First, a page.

Cocrystal structures of Methanococcus jannaschii diaminopimelate decarboxylase (DAPDC) bound to a substrate analog, azelaic acid, and its L-lysine product have been determined at 2.6 Å and 2.0 Å, respectively. This PLP-dependent enzyme is responsible for the final step of L-lysine biosynthesis in bacteria and plays a role in β-lactam antibiotic resistance in Staphylococcus aureus. Substrate specificity derives from recognition of the L-chiral center of diaminopimelate and a system of ionic “molecular rulers” that dictate substrate length. A coupled-enzyme assay system permitted measurement of kinetic parameters for recombinant DAPDCs and inhibition constants (Ki) for azelaic acid (89 μM) and other substrate analogs. Implications for rational design of broad-spectrum antimicrobial agents targeted against DAPDCs of drug-resistant strains of bacterial pathogens, such as Staphylococcus aureus, are discussed.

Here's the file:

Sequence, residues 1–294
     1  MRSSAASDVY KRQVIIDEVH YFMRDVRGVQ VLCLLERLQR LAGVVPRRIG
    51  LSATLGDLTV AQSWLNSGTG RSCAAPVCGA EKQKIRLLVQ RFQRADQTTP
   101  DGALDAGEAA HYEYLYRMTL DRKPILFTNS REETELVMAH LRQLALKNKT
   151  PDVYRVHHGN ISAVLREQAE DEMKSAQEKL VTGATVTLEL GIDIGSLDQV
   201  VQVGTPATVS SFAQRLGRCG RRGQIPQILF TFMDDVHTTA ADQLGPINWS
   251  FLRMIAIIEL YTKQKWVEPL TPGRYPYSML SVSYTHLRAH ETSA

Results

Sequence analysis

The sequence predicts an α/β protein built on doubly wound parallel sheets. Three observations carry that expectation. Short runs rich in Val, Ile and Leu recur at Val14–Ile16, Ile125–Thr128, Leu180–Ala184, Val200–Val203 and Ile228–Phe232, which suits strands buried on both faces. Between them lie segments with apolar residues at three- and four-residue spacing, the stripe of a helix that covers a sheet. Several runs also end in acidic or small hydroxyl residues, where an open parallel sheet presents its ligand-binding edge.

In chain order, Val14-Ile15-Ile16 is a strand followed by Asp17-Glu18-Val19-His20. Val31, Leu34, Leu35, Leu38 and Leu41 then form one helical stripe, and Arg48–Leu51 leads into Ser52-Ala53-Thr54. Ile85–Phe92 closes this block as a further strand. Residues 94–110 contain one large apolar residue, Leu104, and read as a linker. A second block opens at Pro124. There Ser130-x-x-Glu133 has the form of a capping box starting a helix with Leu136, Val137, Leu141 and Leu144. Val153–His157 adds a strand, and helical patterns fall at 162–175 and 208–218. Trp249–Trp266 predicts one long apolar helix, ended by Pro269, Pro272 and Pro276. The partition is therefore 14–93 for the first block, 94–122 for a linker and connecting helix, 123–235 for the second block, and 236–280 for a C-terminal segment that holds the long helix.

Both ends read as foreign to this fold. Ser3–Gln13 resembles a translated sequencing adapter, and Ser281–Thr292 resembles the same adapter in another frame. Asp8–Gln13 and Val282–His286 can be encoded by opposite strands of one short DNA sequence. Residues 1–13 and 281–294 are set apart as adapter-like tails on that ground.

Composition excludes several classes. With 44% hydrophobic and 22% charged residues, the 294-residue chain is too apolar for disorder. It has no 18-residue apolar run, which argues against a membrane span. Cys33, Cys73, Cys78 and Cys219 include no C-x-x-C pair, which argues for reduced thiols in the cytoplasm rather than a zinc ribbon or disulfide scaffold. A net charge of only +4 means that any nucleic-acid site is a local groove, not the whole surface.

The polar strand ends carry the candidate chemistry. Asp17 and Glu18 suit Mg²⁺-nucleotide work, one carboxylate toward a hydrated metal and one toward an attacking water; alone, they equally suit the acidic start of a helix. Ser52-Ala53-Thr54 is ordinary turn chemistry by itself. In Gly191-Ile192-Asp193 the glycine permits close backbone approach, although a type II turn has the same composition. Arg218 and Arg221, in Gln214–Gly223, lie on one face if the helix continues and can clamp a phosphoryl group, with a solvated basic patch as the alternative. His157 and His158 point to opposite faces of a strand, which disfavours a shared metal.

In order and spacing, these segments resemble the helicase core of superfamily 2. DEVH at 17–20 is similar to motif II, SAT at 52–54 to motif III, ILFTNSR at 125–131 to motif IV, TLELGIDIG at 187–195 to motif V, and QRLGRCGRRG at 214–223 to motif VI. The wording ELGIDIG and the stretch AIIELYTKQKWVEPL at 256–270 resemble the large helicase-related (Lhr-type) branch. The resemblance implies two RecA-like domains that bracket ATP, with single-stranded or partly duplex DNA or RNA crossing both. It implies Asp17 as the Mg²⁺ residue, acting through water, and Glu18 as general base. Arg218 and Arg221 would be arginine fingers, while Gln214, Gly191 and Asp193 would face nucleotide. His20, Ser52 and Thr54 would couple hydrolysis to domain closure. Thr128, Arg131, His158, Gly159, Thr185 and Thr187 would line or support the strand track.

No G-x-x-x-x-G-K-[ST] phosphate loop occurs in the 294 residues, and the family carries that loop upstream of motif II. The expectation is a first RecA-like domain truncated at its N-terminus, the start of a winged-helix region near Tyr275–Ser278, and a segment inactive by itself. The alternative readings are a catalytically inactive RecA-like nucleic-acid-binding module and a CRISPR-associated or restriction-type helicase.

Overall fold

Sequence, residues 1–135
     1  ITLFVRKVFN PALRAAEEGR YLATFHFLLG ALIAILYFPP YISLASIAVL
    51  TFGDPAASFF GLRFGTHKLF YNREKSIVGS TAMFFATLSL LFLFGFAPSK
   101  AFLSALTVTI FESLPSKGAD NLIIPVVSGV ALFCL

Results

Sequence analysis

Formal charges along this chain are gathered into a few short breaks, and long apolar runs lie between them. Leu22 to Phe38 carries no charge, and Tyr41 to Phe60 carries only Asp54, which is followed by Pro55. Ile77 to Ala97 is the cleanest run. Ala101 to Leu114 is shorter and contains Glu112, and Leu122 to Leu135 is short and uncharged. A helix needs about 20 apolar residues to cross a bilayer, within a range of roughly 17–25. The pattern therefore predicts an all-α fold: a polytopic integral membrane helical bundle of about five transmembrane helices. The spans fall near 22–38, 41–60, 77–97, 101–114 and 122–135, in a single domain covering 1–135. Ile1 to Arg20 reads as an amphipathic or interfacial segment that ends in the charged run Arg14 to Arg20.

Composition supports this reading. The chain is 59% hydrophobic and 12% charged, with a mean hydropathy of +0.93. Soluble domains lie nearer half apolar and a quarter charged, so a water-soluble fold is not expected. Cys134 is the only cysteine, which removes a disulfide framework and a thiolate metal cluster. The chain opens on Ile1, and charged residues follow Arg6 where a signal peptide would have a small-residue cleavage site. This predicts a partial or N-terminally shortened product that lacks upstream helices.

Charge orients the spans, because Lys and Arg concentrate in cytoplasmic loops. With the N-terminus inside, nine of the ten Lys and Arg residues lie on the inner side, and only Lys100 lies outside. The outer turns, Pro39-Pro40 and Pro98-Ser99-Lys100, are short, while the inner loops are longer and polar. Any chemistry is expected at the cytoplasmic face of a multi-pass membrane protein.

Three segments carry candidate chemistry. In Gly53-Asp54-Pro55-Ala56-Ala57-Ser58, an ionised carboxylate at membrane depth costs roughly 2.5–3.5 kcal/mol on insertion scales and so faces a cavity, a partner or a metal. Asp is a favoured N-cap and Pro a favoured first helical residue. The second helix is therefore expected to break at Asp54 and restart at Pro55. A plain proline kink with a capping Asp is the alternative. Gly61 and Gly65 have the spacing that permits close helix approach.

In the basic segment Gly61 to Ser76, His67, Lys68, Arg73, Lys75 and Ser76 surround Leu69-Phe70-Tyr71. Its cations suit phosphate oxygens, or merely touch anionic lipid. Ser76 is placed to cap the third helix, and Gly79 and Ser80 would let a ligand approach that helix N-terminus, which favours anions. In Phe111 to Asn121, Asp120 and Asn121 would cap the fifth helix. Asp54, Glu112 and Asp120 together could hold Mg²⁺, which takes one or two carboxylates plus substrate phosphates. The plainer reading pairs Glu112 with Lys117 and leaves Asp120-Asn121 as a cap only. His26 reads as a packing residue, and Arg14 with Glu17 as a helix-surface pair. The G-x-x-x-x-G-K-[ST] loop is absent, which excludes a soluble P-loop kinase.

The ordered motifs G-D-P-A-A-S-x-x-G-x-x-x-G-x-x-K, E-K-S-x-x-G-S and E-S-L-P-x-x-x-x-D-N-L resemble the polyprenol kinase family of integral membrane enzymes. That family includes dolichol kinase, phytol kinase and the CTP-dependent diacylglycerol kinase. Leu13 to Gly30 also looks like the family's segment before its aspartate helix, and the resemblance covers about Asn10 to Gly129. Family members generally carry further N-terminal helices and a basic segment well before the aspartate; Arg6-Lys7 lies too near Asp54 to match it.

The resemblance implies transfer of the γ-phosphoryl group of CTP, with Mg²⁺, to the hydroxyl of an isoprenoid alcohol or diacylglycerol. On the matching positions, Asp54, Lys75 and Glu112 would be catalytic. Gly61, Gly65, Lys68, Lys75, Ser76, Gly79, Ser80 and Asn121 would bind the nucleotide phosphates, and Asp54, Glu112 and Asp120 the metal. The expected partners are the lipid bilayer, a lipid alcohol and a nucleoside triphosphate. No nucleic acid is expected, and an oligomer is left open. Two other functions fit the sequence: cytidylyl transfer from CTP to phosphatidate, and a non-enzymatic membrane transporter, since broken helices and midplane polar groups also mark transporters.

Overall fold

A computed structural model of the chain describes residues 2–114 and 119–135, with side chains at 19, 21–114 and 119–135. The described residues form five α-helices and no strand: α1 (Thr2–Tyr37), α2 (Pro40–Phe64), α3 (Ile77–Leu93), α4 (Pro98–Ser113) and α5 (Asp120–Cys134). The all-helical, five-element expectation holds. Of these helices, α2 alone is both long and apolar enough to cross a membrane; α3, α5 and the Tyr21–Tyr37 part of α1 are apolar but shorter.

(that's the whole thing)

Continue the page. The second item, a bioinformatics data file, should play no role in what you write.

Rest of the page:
Ray, S. S., Bonanno, J. B., Rajashankar, K. R., Pinho, M. G., He, G., De Lencastre, H., … Burley, S. K. (2002). Cocrystal Structures of Diaminopimelate Decarboxylase. Structure, 10(11), 1499–1508. https://doi.org/10.1016/s0969-2126(02)00880-8